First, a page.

Theme 1 team
Sam Wilson (United States, firstname.lastname@example.org)
Processes and impacts/stressors associated with long-lived greenhouse gases.
Current national and international programmes investigating ocean CO2 uptake in the Southern Ocean include the US National Science Foundation’s “Southern Ocean Carbon and Climate Observations and Modeling” (SOCCOM) project, the European Union’s "Integrated Carbon Observation System "(ICOS), the UK National Environmental Research Council funded projects “Role of the Southern Ocean in the Earth System” (RoSES), and “Ocean Regulation of Climate by Heat and Carbon Sequestration and Transports” (ORCHESTRA), and the European H2020 project “Southern Ocean Carbon and Heat Impact on Climate” (SO-CHIC). Further programmes investigating the ocean GHG fluxes include the “Atlantic Meridional Transect Ocean Flux from Satellite Campaign” (AMT4oceanSatFlux), “Role of Eddies in the Carbon Pump of Eastern Boundary Upwelling Systems” (REEBUS), "Biogeochemical processes and Air–sea exchange in the Sea-Surface microlayer" (BASS), "Exchange fluxes of climate-relevant trace gases off the Western Antarctic Peninsula" (EWARP), the Horizon Europe project Greenfeedback and the Boknis Eck time series station. Information on planned observational programmes and workshops can be found via the respective programme websites:
The community-led Surface Ocean CO2 Atlas (www.socat.info) is used for quantification of ocean CO2 uptake and ocean acidification and for evaluation of climate models and sensor data. SOCAT has an annual release of quality-controlled in situ surface ocean fCO2 (fugacity of CO2) measurements for the global ocean and coastal seas from 1957 onwards. The value chain based on in situ inorganic carbon measurements of the ocean, of which SOCAT is part, provides policy makers with vital information in climate negotiations.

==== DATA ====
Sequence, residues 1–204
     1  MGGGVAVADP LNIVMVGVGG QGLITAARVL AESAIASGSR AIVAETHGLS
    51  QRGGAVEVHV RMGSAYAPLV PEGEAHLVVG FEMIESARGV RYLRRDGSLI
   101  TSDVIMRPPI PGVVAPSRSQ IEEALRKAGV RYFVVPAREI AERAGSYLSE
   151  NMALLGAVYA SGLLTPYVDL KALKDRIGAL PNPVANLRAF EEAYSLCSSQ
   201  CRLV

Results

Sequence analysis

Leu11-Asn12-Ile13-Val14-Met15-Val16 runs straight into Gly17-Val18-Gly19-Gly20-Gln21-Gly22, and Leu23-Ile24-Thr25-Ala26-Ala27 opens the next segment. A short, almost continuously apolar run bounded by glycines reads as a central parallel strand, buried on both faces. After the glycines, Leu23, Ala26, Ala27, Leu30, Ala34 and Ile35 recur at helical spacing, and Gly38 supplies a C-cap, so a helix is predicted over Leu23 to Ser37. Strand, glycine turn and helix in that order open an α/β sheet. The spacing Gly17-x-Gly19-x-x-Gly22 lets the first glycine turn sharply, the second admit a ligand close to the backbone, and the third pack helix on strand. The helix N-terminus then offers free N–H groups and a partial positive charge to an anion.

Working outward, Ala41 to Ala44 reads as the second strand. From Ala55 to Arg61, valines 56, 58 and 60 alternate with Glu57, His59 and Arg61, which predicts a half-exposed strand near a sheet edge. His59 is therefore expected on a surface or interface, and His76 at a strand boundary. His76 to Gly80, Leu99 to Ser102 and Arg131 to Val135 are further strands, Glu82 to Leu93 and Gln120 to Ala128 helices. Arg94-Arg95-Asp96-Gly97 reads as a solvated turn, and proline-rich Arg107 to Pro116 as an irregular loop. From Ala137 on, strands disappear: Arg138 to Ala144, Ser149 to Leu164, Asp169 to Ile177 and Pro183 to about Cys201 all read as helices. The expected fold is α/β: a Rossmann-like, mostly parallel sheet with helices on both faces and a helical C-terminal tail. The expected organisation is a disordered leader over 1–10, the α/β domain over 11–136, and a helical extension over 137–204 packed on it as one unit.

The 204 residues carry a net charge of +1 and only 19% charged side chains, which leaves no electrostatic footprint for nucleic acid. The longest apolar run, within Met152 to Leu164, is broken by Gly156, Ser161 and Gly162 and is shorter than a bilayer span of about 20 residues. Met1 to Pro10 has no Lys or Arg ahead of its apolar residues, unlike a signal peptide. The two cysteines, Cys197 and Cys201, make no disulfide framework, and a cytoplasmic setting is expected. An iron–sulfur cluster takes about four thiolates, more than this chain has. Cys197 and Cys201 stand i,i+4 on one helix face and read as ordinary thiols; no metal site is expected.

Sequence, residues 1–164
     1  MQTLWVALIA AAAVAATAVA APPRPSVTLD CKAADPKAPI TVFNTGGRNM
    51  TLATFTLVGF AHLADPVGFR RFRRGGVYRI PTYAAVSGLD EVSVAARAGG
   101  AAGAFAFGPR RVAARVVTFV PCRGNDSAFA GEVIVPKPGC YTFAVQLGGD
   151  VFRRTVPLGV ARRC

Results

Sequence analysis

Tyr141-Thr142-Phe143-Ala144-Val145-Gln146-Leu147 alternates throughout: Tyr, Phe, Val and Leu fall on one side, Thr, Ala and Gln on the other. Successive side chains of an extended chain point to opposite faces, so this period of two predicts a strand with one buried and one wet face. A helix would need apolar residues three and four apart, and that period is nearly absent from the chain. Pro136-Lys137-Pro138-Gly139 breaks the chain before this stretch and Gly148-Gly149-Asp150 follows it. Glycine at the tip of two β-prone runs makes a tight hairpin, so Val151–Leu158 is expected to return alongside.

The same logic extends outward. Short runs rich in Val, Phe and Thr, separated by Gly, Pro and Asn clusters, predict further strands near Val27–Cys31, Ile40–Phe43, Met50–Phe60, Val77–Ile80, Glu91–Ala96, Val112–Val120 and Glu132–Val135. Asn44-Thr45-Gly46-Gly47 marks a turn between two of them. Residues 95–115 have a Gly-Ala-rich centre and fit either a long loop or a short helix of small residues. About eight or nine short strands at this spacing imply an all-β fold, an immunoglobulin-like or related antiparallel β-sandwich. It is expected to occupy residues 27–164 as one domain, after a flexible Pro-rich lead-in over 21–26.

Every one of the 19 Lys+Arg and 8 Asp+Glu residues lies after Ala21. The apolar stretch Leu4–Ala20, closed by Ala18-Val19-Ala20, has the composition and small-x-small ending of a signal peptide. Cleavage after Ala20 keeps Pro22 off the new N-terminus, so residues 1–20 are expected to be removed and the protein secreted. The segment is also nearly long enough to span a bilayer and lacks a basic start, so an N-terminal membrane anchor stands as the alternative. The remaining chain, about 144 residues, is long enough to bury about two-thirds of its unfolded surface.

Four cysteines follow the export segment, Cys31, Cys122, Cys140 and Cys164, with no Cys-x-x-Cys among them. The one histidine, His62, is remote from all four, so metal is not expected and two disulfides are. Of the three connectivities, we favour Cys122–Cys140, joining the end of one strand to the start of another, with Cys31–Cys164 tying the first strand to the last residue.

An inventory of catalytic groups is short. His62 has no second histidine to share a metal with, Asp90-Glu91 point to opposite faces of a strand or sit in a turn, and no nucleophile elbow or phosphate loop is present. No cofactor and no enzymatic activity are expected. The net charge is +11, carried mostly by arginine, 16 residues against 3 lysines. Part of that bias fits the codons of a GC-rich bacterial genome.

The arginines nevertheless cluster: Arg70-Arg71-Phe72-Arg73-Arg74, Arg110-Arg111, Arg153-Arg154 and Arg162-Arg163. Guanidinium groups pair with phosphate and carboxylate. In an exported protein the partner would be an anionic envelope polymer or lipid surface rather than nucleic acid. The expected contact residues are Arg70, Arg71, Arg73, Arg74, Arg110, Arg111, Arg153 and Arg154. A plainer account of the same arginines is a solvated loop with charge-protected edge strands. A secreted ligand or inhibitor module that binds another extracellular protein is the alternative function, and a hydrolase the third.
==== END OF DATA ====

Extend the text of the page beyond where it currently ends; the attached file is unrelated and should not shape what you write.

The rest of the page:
Following on the successes of the previous SOLAS/IMBER Carbon group (SIC), a new Integrated Ocean Carbon Research Group has been formed. This initiative is jointly sponsored by IOC, IMBER, SOLAS, IOCCP, GCP, CLIVAR, and WCRP. The group will identify the key research needs for ocean carbon science for the next decade, develop strategies to address these needs, and address the links to societal and policy applications. An initial expert group workshop was held at the International Oceanographic Commission, Paris, in October 2019; The group has published the report: “Integrated ocean carbon research: a summary of ocean carbon research, and vision of coordinated ocean carbon research and observations for the next decade” in 2021.